The bright side is that Boston must have one of the best police departments in the nation. Having legitimized graft and its intrinsic corruption Boston police do not need to resort to illegal forms of squeezing money out of the system. The graft money even gets to be taxed! But that assumes that police will always find a way to suck out of the economy more money than an actual free market would support.

To throw some more gas on the

To throw some more gas on the fire, the average police officer is not getting a 25% raise. If you have less than 15-20 years on the job, and no criminal justice degree (must be a CJ degree), you will be getting a 17% raise over 6 years. That is a 2.8% per year raise, which is pretty much in line with COLA over the past 20 years. That is before overtime and details, so for an average of about 40 hours a week. The OT rates are going up, but if you are working OT, that is time not spent at home with family. And a decent amount of the overtime is mandatory, so even if I don't want to work I am contractually obligated. As for the comment about not being HARD work, and taking the easy way out for the easy money, working every night, not coming home to my wife until midnight at the earliest, only seeing her a couple times a week, with the goal of helping to keep the community safe, at least safer, I respond that this line of work is far from easy. As with every organization, there are people the might not live up to the standard, but I can tell you all, with out hesitation, that the majority of Boston Police Officers are the hardest working people out there. And we all took this job knowing that there would be long hours, dangerous situations, and a pretty thankless career ahead of us, and we still love it.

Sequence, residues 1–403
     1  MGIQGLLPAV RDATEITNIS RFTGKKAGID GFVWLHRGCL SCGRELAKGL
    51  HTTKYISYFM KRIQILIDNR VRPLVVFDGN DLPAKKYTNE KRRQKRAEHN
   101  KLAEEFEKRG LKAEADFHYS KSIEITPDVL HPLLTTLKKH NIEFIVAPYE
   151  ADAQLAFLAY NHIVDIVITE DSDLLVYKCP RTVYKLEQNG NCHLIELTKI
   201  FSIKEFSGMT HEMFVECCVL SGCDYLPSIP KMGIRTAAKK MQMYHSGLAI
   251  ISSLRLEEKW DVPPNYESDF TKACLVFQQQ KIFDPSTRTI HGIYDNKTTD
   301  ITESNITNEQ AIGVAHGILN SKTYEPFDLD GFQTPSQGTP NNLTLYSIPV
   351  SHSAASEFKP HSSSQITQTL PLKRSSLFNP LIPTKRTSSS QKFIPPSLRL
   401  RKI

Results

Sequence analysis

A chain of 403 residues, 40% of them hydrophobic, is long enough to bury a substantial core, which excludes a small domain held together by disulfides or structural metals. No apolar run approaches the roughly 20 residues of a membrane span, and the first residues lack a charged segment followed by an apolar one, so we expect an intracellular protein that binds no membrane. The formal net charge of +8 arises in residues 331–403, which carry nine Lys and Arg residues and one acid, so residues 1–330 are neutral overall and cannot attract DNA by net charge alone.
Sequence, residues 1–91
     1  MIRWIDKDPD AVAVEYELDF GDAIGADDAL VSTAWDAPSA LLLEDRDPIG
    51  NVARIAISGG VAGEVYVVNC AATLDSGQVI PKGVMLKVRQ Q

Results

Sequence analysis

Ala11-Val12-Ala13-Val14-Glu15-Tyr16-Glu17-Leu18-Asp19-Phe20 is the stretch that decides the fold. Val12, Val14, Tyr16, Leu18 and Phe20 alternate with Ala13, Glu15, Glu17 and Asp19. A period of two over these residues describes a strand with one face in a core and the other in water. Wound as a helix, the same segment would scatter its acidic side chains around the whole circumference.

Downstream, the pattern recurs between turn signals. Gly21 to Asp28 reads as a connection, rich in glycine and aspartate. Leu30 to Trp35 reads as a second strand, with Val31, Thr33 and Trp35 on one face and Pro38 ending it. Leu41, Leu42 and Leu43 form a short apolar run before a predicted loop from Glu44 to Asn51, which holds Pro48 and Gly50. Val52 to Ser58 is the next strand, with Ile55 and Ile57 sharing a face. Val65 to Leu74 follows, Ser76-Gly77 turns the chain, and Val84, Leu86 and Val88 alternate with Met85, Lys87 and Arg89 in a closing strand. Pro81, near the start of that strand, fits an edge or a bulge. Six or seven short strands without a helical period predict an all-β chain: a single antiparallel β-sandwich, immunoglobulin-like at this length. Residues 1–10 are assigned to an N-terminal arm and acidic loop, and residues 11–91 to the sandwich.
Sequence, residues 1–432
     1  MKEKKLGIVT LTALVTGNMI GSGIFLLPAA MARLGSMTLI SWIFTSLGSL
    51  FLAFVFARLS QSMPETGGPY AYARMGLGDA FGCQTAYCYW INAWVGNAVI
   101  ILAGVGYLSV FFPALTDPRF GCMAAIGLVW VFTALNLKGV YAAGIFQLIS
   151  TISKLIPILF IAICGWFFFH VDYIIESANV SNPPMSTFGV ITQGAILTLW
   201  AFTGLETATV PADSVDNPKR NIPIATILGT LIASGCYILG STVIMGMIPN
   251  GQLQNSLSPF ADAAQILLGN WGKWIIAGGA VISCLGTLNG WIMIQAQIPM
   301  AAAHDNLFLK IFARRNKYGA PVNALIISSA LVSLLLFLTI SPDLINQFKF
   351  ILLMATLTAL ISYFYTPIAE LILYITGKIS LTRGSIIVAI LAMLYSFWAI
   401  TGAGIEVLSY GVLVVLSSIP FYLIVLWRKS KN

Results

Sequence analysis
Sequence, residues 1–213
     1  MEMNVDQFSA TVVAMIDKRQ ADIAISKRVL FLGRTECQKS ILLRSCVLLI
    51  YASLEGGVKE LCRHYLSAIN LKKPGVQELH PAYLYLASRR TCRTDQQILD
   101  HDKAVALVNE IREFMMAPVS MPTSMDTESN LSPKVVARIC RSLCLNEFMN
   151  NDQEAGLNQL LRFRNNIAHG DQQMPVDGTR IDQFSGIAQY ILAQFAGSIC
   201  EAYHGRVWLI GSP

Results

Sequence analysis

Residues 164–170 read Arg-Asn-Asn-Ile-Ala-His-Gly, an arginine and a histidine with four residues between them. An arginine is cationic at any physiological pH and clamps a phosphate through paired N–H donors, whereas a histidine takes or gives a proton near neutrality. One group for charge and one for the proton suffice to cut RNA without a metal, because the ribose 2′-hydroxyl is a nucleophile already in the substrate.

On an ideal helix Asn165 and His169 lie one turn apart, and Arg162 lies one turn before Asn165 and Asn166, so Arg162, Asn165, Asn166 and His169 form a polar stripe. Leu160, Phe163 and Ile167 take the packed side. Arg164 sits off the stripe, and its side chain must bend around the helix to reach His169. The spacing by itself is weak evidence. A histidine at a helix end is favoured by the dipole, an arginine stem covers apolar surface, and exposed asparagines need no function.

Think what you will about this contract, but know that there are a lot of hardworking men and women out there who are grateful that our lives have been made a little bit easier with this raise.

Fine, but you chose your line of work

Like most people (I suppose), I am grateful for much of what you and other cops do.

But, perhaps unlike most people, I am really concerned about cops' increased pay. How much pay is enough for you guys? (How high is up?, Tommy Nee thinks to himself, no doubt)

Are you cops the cream of City employees, whose unions negotiate contracts consistently inferior to BPPA's and others? Your sweet paychecks come at their expense, too, not just the taxpayers'. Or couldn't you care less?

You DO realize that the City's fiscal future and the future of other departments are in jeopardy now, right? Especially with the results of the arbitration vote? OK, good. Now go send someone to spread the word: Bad times lie ahead.